Universal Camera Corporation launched their Univex Mercury CC model in 1938, along with their proprietary #200 series films. It’s basically 35mm film, but on an open roll. The manual shows it having paper backing on the ends only, a bit like 220 film, to protect it from light while loading. Trouble is, the backing paper is perforated, which rather defeats the object.
The camera is often described as ‘half frame’ but that’s not strictly true. The image size is 25x19mm in portrait format, so it will just touch the perforations on both sides of 35mm film. Each frame winds the film on by 4.5 perforations, more than half of the 8 perforations for a full 35mm frame. The frame counter goes up to 36.
Can I use my camera?
I restored my Mercury a couple of years ago and finished it with some nice dark green leatherette. Since then I’ve been itching to use it. 35mm film will physically fit, if you can find a way to get it into and out of the camera without exposing it. The theory sounds simple. Inside a changing bag, just attach a length of 35mm film to both of the spools, roll it up onto the feed spool, and put it into the camera. I practiced on some old exposed film and found that there’s an awful lot that can go wrong. I could feel an engineering project coming on.
First, make a new spool
You need to have at least one original spool, because it has a special drive gear on the bottom. The gear isn’t fixed, but uses a spring washer that acts as a clutch and allows it to slip a little. That way the takeup spool can be driven a little faster than the film is coming off the sprocket, which keeps it tightly wound. On the feed side, the spool engages with a little gear in the film chamber that drives a film transport indicator on the bottom plate. My camera only came with one spool, but as there’s no need for a slipping clutch on the feed side I was able to 3D print another one with a fixed gear on the bottom.
Spool loading machine
I used FreeCAD software to design a shape that would hold a 35mm cassette at one end, hold the Univex feed spool at the other, and enable the spool to be turned by a known number of revolutions. A steel arm is just springy enough to hold the spool against the drive knob.
This enables a good alignment from the cassette to the spool, so the film will go on straight. Once inside the changing bag, I pulled some film out of the cassette, cut it straight across, and used tape to attach it to the 3D-printed spool (which has no slots). Pinching the perforations on one edge of the film as it moves will maintain the tension and make sure the roll is tight.
Previous experimentation in daylight with an exposed film showed that half of a 135-36 roll is 17 turns of the winding knob. Once wound, I kept the film in place on the spool using a clip made out of 15mm plastic plumbing pipe. That meant I could cut the film without it all unravelling. It turned out to be enough for 27 exposures.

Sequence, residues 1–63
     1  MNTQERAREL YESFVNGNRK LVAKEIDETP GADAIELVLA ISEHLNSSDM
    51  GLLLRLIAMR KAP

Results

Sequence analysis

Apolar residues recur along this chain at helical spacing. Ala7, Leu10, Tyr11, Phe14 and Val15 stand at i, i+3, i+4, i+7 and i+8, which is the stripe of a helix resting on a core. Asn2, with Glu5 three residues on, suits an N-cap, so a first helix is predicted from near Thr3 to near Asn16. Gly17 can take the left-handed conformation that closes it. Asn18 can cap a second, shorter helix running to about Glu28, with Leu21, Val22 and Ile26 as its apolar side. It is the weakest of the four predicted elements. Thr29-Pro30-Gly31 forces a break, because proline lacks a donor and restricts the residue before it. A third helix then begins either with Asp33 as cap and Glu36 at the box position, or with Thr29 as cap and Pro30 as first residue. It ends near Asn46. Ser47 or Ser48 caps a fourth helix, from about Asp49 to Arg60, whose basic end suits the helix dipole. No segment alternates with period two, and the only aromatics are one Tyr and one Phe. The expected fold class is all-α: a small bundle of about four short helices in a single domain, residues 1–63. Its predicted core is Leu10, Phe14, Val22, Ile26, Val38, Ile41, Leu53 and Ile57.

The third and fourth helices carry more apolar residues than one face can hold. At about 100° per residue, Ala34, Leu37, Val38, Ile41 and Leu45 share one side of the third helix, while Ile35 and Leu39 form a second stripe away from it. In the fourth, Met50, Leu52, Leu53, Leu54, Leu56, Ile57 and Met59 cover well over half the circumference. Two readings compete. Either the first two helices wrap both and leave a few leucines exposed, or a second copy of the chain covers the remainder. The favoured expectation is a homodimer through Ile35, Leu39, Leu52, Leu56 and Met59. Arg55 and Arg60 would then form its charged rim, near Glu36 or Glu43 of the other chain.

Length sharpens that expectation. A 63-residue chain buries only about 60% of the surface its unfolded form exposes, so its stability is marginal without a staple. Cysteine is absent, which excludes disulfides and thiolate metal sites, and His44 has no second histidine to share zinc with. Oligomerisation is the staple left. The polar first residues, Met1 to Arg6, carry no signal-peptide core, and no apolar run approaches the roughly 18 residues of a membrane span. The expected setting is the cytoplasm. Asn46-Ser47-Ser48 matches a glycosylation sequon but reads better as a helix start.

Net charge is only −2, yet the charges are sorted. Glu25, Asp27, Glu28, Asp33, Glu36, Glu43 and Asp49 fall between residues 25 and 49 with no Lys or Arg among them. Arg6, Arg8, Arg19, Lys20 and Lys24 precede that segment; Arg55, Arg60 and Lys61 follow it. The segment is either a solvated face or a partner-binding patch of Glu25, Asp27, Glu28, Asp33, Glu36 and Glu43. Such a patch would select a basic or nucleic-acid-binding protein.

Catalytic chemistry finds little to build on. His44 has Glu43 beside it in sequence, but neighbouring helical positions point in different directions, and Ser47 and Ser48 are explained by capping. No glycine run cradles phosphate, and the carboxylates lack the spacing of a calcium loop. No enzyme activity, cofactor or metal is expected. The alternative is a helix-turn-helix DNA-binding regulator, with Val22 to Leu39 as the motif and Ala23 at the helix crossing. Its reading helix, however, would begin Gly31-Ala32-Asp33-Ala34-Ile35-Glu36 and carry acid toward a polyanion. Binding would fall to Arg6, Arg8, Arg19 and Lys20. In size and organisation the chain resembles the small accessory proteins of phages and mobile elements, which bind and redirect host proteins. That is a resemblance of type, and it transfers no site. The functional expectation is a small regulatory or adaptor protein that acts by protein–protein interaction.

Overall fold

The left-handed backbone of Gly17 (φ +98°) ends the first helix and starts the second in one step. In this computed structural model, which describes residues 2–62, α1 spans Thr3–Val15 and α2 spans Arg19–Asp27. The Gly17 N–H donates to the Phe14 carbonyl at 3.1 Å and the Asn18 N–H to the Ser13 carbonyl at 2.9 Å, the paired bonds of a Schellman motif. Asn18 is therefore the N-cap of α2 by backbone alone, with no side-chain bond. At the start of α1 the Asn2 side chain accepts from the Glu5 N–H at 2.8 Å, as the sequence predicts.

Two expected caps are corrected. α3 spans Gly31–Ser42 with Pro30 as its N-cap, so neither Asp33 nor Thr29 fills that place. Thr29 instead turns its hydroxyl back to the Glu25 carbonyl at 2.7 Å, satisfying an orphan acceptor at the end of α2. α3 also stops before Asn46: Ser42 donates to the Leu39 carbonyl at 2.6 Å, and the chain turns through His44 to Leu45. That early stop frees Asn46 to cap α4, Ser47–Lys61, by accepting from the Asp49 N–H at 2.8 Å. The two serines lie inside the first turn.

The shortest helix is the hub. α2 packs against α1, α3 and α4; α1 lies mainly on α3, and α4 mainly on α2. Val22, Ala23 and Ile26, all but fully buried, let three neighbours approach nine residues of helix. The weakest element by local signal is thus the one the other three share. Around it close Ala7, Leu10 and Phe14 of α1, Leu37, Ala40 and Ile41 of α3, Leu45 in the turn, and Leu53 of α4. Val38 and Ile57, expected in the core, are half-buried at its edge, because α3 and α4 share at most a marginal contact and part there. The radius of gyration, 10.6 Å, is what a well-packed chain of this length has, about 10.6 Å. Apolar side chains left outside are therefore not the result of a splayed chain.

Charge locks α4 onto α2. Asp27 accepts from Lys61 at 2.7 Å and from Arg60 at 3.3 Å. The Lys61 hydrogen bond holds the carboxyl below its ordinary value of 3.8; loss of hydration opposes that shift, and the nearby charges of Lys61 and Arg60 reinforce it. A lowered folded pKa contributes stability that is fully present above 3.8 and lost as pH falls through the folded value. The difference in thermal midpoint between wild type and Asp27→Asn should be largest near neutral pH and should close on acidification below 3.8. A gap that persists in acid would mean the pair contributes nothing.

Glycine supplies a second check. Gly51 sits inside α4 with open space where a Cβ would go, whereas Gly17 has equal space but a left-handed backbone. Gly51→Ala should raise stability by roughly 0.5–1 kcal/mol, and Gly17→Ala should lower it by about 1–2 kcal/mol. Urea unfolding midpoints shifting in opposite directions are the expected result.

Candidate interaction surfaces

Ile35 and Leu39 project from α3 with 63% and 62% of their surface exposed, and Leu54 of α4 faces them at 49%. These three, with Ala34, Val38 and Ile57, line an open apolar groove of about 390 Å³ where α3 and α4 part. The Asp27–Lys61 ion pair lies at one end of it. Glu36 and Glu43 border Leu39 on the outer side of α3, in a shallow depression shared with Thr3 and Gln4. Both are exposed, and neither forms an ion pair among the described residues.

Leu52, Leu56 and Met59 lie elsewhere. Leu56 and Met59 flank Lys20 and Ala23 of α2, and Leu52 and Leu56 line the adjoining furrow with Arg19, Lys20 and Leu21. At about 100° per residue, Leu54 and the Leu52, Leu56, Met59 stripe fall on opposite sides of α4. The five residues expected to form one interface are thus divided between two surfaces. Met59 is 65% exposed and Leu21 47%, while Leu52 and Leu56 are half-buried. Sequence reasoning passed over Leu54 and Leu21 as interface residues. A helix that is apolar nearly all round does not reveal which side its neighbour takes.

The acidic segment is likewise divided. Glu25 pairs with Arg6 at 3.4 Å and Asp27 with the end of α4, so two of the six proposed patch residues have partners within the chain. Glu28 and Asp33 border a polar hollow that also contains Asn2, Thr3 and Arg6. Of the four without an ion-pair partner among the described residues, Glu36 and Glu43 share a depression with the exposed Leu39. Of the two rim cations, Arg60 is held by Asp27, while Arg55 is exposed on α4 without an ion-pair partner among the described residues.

Now I need some daylight
I knew that attaching the cut end to the original spool inside a changing bag was going to be difficult. It has to be cut on each side to leave a central tongue 22mm wide. The tongue then needs to be threaded onto the spool, and a bit of tape to finish wouldn’t hurt. Tricky to do accurately. My solution was to find a way of doing that bit outside the changing bag. I 3D-printed a box with a sealed lid to put the loaded spool into. Then then it can be brought out into the light.
Now I could cut the film to shape and attach it to the spool without any stress, because I could see what I was doing. The only difficult bit is to remember to attach it the right way round.
Back into the changing bag
The box and the camera go into the changing bag. The box can be opened and the takeup spool put into the camera. The clip is removed from the feed spool and it is carefully placed into the feed side while keeping the film taut across the film plane.
Once the feed spool is in place, it needs just enough friction to stop it unravelling. Originally there was a thin sprung steel arm for that purpose, but it’s not a good solution. I added some thick open foam to provide just the right amount of drag.
Using the camera
For its first outing in decades, I treated it to half a roll of Extar 100 and took a trip to the seaside at Cromer, then finished off the roll on an evening photowalk in Norwich. It’s a delight to use, and the mellow ‘schhhhhhhhhhhluk’ sound of the shutter is totally unique. The only downside of that is shutter lag, between the start of the shutter disc’s motion and the image being captured. Despite the top shutter speed of 1/1000s, it’s a factor to remember if you want to try panning action shots. The tiny viewfinder discourages that sort of use anyway.
Take note of the spinning film transport indicator on the base when you’re winding on. As you’re getting towards the end of the film, start watching it like a hawk. When it stops spinning, you’re done and any more shots will just be multiple exposures.
The Mercury has interchangeable lenses, but no other focal lengths were available. The early Tricor 35mm f3.5 was superseded by an f2.7 version and a Hexar 35mm f2.0. The focus helicoid is behind the mount (which has an imperial 15/16″-32 UNF thread) so the lens itself doesn’t need a focusing mechanism. I might try to find a decent half-frame 28mm that I can adapt to fit. An accessory shoe for a bigger auxiliary viewfinder is conveniently placed above the standard one.
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